Letter To Kevin

Posted on April 29, 2010

4


This is my response from a long conversation with my new friend Kevin about evolution, Genesis, and other questions. I’m just posting the end of the correspondence, without his questions and our talk about Muse and U2, but it’s enough to get the idea.

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Concerning evolution, it’s about biology. It starts with life. Darwinism has nothing to do with the origin of life, our planet, or the universe. The Big Bang is a cosmological model that was developed long after Darwin and involves non-living things. If someone is a naturalist or materialist that denies God and the supernatural, they would accept a natural origin of the universe and life and then would also use evolution to explain the diversity of life. Evolution is a useful and effective tool, and seems well proven, so I think it’s available for Christians as well. We still affirm the supernatural and God as the first cause.

In Psalms, King David writes “When I consider your heavens, the work of your fingers, the moon and the stars, which you have set in place, what is man that you are mindful of him?” He was gazing up at the stars, yet unaware of how large they really were and how incredibly far away, yet he still felt small. Now we have a better understanding of how vast and ancient our universe is, and we have seen God send his Son to die for us. We should be much more inspired than David! Whether we were made from dust or developed from other animals, we are humbled. We are not angels, we are not gods, yet the True God cares for us. I find that quite inspiring.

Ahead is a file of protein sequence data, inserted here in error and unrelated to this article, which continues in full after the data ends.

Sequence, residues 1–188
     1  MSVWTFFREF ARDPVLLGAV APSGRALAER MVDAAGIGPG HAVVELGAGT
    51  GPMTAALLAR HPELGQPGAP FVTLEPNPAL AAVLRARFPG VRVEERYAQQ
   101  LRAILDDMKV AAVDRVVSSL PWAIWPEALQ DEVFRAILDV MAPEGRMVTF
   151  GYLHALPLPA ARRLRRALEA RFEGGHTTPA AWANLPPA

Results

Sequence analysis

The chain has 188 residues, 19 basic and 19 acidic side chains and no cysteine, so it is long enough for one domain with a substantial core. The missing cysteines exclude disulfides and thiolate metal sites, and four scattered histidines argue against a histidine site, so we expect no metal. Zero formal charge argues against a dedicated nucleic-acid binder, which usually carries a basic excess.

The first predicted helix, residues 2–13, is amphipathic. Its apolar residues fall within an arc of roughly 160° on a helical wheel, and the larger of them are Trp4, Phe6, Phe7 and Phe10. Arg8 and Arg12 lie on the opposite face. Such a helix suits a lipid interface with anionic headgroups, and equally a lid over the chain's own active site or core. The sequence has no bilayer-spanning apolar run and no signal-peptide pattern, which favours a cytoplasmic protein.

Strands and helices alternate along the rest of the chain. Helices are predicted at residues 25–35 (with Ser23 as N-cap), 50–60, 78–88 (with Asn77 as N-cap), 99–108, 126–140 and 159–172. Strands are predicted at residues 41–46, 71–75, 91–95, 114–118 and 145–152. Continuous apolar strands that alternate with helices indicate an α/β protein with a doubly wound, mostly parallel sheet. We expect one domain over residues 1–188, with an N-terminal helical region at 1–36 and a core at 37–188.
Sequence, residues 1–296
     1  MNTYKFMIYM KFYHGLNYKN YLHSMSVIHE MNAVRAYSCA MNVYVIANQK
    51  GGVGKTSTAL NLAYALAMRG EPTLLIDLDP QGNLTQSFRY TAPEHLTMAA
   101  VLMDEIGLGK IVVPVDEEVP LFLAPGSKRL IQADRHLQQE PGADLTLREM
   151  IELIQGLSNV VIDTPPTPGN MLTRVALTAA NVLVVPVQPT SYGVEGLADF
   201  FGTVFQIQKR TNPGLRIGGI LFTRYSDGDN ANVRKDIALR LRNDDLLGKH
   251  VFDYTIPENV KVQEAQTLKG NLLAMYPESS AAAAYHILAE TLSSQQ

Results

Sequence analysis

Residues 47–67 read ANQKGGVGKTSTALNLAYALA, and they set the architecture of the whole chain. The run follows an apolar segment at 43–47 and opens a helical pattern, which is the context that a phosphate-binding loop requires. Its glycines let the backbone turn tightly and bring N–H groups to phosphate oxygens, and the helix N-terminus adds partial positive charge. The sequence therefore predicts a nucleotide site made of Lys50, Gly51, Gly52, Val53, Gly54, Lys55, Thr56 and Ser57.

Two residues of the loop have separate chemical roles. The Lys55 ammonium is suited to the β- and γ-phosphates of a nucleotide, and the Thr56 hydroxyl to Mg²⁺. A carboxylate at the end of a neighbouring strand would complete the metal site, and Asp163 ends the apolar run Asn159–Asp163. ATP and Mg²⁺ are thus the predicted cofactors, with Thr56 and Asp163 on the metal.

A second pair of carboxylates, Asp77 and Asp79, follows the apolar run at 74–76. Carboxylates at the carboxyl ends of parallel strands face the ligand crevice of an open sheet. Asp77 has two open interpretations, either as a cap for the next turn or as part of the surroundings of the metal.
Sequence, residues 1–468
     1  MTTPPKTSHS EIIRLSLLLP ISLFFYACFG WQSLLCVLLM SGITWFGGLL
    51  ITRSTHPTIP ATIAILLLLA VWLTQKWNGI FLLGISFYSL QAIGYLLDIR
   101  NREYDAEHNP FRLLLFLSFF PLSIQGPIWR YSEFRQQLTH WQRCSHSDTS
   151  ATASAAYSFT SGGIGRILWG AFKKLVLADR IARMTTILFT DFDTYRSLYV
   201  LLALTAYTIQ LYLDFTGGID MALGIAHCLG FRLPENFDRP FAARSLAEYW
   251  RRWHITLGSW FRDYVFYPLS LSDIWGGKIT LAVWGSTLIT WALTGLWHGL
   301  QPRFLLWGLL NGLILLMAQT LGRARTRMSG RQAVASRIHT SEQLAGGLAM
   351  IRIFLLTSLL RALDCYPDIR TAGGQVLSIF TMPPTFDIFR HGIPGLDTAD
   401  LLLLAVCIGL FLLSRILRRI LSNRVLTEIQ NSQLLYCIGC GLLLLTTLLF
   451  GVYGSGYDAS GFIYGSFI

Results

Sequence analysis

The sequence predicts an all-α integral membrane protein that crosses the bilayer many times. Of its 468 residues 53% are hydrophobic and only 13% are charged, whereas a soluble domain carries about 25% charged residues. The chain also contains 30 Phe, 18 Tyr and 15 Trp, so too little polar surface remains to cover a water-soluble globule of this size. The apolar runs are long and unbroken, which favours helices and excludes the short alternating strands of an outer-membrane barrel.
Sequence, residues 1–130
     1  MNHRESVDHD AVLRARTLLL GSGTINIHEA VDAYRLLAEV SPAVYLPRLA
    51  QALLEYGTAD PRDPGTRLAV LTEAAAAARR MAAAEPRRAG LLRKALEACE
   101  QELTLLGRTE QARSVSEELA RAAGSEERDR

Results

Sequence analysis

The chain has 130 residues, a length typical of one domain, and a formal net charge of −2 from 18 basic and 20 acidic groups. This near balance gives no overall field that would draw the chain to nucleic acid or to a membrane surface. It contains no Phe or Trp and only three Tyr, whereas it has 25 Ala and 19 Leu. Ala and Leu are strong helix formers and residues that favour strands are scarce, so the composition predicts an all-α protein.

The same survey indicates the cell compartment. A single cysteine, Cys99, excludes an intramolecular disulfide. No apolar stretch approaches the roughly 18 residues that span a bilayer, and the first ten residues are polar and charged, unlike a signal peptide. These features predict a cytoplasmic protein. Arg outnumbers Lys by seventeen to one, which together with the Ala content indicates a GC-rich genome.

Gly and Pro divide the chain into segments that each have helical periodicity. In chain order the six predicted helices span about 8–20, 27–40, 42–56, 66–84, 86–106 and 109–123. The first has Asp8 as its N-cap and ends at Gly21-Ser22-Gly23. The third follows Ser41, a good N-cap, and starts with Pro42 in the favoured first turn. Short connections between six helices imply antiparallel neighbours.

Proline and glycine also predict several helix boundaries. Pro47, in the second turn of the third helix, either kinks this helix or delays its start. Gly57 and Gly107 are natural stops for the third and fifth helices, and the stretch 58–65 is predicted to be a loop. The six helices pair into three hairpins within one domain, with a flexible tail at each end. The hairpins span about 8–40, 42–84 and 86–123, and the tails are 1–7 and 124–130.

As for Genesis, I don’t think we can read it literally. For one, there are some very difficult internal contradictions if one assumes they are reading a straight-forward, historical account. To me, the Genesis 1 and Genesis 2 stories are irreconcilable if taken completely literally (did God make man or vegetation first?) I believe that God created the heavens and the earth. I don’t believe that He revealed all the answers about how the universe works in the Bible. Really, in most fields of study we as humans are left to use our own tools to gain understanding. I don’t think that God handed us a history book, a biology book, or a medical guide. Thankfully, humans have learned how to carry out life-saving surgeries and developed vaccines that have eliminated terrible diseases. The revelations from God throughout history seem to have a different focus, and Jesus is the culmination. Even after sending His Son, God gave us a Comforter, the Holy Spirit. Some people want to believe that God also gave us the complete guide to parenting, an explanation of the universe and so on, but I believe that stretching the Bible to fill all of those roles is unwise and misses the point. We have to do our own work to learn about this universe we are in, the human body and mind and other things. God could have revealed the solar system, quantum mechanics, and the cure for cancer, but it appears that He never intended to do that. If someone puts the Bible up against a science book or medical journal, the Bible will lose not because it is inferior, but because it is being used improperly – and the defeat makes it appear as if God was wrong about the position of the sun and the shape of the earth when He in fact knows much more than any of us ever will about the nature of such things.

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